4. Identifying with a process of change: a qualitative assessment of the components included in a smoking cessation intervention at antenatal clinics in South Africa
Open this publication in new window or tab >>Identifying with a process of change: a qualitative assessment of the components included in a smoking cessation intervention at antenatal clinics in South Africa
2013 (English)In: Midwifery, ISSN 0266-6138, E-ISSN 1532-3099, Vol. 29, no 7, 751-758 p.Article in journal (Refereed) Published
Abstract [en]

INTRODUCTION: previous research has suggested that pregnant women prefer a person-centred approach for smoking cessation interventions. However few studies have illustrated the mechanism through which such an approach has an influence on quitting or reduction rates among pregnant women in resource poor settings. PURPOSE: to explore the role of different components included in a smoking cessation intervention delivered to disadvantaged pregnant women with high smoking rates attending public health antenatal clinics in South Africa. METHODS: a qualitative design consisting of focus-group discussion with women exposed to the intervention was used. Women were purposively selected from four antenatal clinics and one tertiary hospital to represent different experiences of the intervention. Focus group discussions with four groups of smokers and four groups of quitters were conducted and a total of 41 women were interviewed. Data were analysed using content analysis. MAIN FINDINGS: the main theme describing the intervention effect that emerged from the interviews was, 'Making identification with change possible'. The categories 'An impulse for change', 'An achievable recipe', 'A physical reminder' and 'A compassionate companion' further described how each intervention component was perceived by women and how it contributed to behaviour change. CONCLUSIONS: behaviour change interventions that are directly informed by the target population with regards to its design, content and delivery offer great opportunities for positive behaviour change. Women positively evaluated all the components employed in this intervention but rated the social support they received from peer-counsellors as the overriding aspect of the intervention.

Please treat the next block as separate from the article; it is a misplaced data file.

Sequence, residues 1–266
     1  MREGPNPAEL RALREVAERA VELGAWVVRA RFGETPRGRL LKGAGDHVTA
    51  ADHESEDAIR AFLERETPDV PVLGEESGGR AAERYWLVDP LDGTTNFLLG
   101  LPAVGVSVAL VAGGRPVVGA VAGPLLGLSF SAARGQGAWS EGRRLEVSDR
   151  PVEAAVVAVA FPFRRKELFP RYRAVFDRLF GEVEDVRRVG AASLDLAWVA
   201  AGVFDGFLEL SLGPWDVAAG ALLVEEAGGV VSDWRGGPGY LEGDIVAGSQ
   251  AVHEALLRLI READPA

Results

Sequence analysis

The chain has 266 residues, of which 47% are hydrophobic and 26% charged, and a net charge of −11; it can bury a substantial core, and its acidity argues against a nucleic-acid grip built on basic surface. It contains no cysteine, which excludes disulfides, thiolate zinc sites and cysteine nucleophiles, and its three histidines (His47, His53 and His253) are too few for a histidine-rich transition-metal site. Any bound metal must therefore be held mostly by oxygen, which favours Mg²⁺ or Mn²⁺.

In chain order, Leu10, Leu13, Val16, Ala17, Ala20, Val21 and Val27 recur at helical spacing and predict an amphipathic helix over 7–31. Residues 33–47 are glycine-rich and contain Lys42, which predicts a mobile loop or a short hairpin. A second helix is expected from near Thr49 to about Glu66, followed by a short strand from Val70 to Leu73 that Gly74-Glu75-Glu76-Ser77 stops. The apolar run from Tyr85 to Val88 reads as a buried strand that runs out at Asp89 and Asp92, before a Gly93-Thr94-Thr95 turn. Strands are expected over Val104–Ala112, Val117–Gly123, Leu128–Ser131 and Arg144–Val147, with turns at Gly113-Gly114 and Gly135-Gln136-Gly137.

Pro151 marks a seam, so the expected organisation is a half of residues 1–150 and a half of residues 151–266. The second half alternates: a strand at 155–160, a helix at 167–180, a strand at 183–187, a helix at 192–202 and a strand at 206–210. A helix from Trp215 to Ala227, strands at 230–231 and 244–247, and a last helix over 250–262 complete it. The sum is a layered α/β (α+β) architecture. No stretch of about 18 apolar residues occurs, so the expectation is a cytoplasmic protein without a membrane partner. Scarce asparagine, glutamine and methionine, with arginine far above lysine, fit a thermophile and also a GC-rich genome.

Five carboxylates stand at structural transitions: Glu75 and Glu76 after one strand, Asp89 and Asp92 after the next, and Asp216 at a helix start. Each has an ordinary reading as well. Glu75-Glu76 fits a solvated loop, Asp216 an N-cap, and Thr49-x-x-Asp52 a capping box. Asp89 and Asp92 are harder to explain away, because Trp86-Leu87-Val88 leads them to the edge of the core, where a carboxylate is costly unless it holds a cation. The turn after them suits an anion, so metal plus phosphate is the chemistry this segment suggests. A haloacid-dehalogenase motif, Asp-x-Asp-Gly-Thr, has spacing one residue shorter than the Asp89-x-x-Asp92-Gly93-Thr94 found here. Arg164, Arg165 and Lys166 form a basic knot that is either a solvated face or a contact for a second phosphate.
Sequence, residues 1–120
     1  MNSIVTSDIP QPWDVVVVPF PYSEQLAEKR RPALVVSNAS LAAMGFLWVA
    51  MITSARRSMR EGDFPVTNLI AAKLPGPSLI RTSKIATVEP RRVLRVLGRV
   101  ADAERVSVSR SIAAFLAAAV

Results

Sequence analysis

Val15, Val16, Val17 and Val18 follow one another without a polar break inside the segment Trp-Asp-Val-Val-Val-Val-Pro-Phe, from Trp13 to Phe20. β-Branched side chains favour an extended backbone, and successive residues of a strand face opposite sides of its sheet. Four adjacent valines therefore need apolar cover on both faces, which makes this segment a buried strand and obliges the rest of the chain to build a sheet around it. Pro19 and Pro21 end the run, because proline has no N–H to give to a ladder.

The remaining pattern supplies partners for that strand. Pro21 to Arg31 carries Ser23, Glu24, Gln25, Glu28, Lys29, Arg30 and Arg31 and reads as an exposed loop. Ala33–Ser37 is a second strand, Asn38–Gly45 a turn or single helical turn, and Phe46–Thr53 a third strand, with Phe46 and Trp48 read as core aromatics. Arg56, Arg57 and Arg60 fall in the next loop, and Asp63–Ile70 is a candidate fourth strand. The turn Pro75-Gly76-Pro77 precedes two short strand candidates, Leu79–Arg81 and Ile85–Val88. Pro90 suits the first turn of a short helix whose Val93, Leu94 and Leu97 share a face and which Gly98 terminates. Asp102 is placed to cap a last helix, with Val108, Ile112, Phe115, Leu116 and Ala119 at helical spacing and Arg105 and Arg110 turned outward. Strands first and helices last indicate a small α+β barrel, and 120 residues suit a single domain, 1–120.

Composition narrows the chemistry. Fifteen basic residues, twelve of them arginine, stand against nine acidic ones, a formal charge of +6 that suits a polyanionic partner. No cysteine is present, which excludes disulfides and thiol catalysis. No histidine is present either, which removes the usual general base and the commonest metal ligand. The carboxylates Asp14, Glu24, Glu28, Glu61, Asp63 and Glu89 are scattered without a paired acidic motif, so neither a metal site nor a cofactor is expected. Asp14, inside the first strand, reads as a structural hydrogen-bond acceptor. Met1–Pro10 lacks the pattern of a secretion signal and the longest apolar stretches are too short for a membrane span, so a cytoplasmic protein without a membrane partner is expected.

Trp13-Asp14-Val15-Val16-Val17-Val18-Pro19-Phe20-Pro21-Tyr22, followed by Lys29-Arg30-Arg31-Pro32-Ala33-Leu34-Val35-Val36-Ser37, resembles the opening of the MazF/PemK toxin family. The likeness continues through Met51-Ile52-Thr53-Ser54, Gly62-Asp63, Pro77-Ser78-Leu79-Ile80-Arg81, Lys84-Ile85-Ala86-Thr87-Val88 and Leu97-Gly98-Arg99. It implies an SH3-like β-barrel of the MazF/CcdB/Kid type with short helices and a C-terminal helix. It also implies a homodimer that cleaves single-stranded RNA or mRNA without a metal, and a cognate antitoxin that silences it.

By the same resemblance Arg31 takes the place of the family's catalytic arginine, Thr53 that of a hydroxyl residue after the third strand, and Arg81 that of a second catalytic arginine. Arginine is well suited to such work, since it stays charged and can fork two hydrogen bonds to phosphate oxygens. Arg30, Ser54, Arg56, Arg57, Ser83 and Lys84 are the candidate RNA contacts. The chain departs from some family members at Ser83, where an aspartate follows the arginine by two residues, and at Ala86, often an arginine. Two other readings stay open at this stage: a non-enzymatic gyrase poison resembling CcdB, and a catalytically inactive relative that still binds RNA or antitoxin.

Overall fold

Place, publisher, year, edition, pages
Elsevier, 2013
Keyword
Smoking, Quitting, Pregnancy, Peer counsellors
National Category
Public Health, Global Health, Social Medicine and Epidemiology Nursing
Identifiers
urn:nbn:se:umu:diva-39594 (URN)10.1016/j.midw.2012.07.016 (DOI)000319456300010 ()23036867 (PubMedID)
Available from: 2011-02-02 Created: 2011-02-02 Last updated: 2017-12-11Bibliographically approved